Mass Panic: It’s Not Clear That Colorado’s Mystery Drones Even Exist

Drone hobbyists say the media and the FAA regularly uses drone panic to enact strict regulations.
Hand points to drone sighting documentations (left) and three lights in the sky (right).

It all started on December 23 when the Denver Post reported on “a band of large drones” flying over Phillips and Yuma counties in northeast Colorado. Phillips County Sheriff Thomas Elliott, as relayed by the Denver Post, provided an eerie description of the drone activity: “The drones stay about 200 feet to 300 feet in the air and fly steadily in squares of about 25 miles, he said. There are at least 17 drones; they emerge each night around 7 p.m. and disappear around 10 p.m.”


Nobody interviewed by news reporters, including local authorities, the Federal Aviation Administration, the Drug Enforcement Administration, the U.S. Army, the Department of Defense, or the Air Force said they knew what was going on.

Taken at face value, this sounds like a peculiar installment in the annals of drone sightings. But drone enthusiasts are not taking it at face value.

Loretta Alkalay, a former FAA lawyer who now works as an aviation attorney and is a drone enthusiast herself told Motherboard these media reports “seem to harken back to the ‘old’ days when there was so much media sensationalism and scaremongering with any drone sighting.”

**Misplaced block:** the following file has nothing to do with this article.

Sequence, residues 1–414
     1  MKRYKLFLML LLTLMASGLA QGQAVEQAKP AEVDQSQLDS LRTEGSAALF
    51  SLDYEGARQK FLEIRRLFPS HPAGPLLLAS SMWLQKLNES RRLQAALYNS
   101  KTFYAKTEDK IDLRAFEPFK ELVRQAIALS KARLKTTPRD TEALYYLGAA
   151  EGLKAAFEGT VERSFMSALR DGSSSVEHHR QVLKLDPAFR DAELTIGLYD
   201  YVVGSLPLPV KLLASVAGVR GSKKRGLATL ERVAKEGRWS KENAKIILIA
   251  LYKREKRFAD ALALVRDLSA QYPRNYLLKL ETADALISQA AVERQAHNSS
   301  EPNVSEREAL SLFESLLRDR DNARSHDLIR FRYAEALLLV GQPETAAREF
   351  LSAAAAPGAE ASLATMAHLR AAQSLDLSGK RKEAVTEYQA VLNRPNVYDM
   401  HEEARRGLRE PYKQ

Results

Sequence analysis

Indeed, in the weeks since, we’ve learned….nothing else. After more sightings, reports, and failed attempts to record or photograph the drones, the Colorado Department of Public Safety flew an airplane over the area in question capable of detecting heat signatures below. After an almost five hour flight, they found nothing. The Colorado Springs Gazette thought they had solved it when they found out the Air Force has a base in Cheyenne that conducts drone operations, but a few days later the Air Force said it’s not them, either.

To say this has caused quite the kerfuffle would be an understatement. After more than 70 local, state, federal, and military officials met in Brush, Colorado (population: 5,384), a joint drone task force consisting of “ten to fifteen” separate agencies was put together to solve the mystery.


This enduring conundrum has attracted its fair share of national media attention. While that media attention hasn’t gotten to the bottom of the case, it has spurred additional reports of drone sightings further into Nebraska and from as far away as North Carolina and California.

A seemingly minor detail lacking from these reports is that there’s precious little evidence these drones actually exist.

That’s not to say this is some hoax or all the eyewitness accounts are wrong; far be it for me to question their experiences from our offices in Brooklyn. But this lack of evidence has not been lost on drone hobbyists and advocates. They have seen this play before.

Alkalay pointed out there is a long history of the media accepting drone sighting claims without much rigor, only for investigators to later determine that whatever was seen was not a drone at all.

Her point is backed up by a white paper from DJI, a major drone manufacturer, which points out ten such cases with links to both the initial media hysterics and the ensuing fact check from official investigations. Two such cases were: